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that the payment of even $635,000, for which the Government at one time had offered to settle, would have rendered the plan unfeasible.

In the appeal by the Protective Committee issues were presented inter alia as to whether those to whom stock of the debtor had been sold in violation of the federal securities laws were entitled to participate as creditors, and whether the plan should be rejected because the Trustee would become President of the reorganized company. The issue last stated was decided on that appeal in accordance with the decision of the district court. The cause was remanded for a determination as to the feasibility of the plan in the light of the Government's preferred position as established in the companion case. The Court stated that, 'In the light of the decision to remand this case, it is unnecessary to determine all of the several issues raised by the appeal.' On remand the district court took the position that 'the decisions of the appellate court sent the plan of reorganization back only for determining the feasibility of the plan in light of the preferred position of the government's nontax claims, and that by refusing to reverse this court's rulings on the issues referred to, the appellate court has in effect affirmed this court's decisions on those issues.'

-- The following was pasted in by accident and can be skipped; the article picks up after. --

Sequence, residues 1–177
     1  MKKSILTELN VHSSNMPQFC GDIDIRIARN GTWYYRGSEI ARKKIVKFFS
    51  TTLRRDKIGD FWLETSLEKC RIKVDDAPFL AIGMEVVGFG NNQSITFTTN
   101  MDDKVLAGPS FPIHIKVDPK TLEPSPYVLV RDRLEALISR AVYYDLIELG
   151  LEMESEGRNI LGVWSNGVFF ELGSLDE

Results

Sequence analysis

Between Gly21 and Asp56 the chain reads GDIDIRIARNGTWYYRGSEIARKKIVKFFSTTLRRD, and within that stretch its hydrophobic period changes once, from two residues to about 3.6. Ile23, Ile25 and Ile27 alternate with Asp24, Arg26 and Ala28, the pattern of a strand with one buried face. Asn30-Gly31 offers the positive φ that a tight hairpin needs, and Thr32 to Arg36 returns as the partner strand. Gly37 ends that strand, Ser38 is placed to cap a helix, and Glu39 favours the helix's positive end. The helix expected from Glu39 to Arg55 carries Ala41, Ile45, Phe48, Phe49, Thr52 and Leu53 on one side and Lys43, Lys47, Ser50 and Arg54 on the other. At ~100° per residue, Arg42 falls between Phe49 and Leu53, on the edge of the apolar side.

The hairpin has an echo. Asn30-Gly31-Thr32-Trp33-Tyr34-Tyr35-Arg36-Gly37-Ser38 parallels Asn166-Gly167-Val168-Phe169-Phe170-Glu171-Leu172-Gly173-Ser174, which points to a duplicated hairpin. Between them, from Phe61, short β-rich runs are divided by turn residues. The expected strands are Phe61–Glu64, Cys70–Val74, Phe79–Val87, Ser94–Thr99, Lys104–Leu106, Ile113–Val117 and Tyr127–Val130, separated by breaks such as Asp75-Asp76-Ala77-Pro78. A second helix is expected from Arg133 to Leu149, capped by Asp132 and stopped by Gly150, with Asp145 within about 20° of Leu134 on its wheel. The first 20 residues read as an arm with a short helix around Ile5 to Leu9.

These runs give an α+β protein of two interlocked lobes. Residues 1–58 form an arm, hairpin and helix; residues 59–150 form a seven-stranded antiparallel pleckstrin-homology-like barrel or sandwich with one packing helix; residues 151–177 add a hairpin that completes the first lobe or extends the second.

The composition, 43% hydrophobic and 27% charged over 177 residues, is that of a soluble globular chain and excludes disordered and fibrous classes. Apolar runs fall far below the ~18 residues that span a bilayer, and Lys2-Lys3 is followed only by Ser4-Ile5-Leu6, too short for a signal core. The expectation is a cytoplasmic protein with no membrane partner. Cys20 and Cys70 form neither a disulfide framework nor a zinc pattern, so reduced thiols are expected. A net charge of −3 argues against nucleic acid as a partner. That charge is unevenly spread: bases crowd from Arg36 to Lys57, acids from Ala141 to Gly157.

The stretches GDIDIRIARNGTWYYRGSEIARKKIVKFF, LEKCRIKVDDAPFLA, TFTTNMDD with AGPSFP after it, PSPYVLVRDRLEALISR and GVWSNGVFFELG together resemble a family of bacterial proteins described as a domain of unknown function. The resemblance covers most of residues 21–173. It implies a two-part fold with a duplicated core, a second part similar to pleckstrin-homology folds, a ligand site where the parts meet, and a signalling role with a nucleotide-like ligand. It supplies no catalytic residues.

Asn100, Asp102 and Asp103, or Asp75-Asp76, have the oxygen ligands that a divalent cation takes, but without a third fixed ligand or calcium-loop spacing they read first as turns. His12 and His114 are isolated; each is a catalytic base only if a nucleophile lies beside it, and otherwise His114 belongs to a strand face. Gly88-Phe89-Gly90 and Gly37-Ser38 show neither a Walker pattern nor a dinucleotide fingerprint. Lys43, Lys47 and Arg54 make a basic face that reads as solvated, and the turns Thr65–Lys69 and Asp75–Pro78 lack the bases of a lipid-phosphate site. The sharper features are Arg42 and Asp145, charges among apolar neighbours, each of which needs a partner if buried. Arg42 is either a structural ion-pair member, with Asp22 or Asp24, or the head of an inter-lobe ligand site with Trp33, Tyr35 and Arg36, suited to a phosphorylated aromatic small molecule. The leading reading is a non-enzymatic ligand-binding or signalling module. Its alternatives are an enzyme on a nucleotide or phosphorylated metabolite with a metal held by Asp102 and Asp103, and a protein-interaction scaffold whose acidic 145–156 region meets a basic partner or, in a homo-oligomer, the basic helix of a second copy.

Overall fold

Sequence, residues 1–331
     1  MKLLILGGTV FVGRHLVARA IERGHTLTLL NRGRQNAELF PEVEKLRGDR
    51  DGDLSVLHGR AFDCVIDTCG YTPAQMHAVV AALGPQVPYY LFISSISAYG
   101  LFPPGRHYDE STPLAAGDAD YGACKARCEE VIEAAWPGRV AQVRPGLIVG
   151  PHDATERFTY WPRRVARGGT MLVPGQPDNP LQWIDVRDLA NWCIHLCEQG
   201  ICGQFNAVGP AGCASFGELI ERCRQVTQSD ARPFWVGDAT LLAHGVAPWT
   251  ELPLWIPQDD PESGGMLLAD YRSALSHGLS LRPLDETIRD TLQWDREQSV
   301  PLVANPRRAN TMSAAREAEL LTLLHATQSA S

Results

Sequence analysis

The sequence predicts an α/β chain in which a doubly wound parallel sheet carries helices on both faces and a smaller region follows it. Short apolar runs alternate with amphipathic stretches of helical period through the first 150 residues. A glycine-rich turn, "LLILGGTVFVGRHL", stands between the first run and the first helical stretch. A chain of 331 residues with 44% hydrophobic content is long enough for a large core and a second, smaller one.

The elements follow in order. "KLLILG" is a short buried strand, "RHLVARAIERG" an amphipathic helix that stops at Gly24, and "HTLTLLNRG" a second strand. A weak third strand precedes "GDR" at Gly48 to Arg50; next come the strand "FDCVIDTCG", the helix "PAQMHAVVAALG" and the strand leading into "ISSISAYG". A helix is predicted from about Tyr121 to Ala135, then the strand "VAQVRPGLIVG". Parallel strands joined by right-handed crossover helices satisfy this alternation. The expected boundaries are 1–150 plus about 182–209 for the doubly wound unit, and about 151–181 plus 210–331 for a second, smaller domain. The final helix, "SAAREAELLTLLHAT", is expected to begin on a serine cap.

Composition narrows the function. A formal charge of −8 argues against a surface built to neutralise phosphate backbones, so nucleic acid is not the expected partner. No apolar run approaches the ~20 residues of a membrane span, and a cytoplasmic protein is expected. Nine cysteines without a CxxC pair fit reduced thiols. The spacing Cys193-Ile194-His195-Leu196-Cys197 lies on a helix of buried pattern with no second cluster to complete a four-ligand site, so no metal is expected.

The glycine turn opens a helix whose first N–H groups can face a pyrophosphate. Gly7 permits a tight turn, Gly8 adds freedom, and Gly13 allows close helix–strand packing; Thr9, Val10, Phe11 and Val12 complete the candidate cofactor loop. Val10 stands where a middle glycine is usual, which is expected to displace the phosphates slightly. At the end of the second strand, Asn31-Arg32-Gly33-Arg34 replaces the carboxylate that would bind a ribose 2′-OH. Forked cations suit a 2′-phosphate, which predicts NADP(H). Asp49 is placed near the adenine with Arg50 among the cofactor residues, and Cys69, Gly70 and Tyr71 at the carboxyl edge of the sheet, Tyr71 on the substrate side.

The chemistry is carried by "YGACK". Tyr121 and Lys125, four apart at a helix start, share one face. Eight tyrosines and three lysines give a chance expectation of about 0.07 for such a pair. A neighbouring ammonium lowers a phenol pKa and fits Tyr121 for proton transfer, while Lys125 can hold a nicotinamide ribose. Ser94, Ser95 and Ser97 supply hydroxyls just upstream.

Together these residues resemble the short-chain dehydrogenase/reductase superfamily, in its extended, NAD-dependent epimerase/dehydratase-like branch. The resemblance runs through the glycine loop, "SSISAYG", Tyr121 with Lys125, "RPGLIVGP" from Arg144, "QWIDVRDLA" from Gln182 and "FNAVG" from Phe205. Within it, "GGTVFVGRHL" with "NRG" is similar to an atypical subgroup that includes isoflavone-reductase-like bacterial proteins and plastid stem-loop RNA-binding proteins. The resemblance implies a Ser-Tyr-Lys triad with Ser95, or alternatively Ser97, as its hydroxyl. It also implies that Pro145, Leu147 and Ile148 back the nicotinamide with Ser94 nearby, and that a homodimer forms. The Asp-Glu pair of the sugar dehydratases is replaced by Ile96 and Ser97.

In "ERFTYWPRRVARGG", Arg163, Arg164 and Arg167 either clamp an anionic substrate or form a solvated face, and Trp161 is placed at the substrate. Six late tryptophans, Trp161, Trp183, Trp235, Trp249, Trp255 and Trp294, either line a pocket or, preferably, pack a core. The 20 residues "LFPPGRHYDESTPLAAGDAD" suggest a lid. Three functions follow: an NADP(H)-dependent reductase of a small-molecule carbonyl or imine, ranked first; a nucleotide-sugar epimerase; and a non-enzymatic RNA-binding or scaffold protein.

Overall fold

We do not agree, but hold that this Court's reversal of the order of confirmation left open those issues not in terms discussed and decided. See Mutual Life Ins. Co. of New York v. Hill, 1904, 193 U.S. 551, 553-554, 24 S.Ct. 538, 48 L.Ed. 788; Chas. Wolff Packing Co. v. Court of Industrial Relations, 1925, 267 U.S. 552, 562, 45 S.Ct. 441, 69 L.Ed. 785; Seagraves v. Wallace, 5 Cir. 1934, 69 F.2d 163, 164.

II. Stockholders as Creditors.

In the interest of clarity, we consider first the failure of the district court to hold hearings on the claims of the Protective Committee and of Irma S. Mason, one of the stockholders, asserting a claimed right of rescission of purchasers of stock based on violations of the federal securities laws and claiming that they and other stockholders holding such claims should rank as creditors in any plan of reorganization. The district court held these claims to be without merit on their face, stating its reasons as follows:

'The Stockholders' Committee also filed a PROOF OF CLAIM FOR RESCISSION on behalf of unnamed stockholders who purchased stock of the debtor on the open market. The facts stated in this document are insufficient to show that any stockholders as a class or individually have valid claims against the debtor. Furthermore, the claim is filed too late and is vague and indefinite as to who the claimants are and the extent and amount of their claims. It is too nebulous to delay reorganization at this stage.

'Likewise, the claim filed by Irma S. Mason, wife of a member of the Stockholders' Committee, seeking to rescind her purchases of TMT stock on the open market is...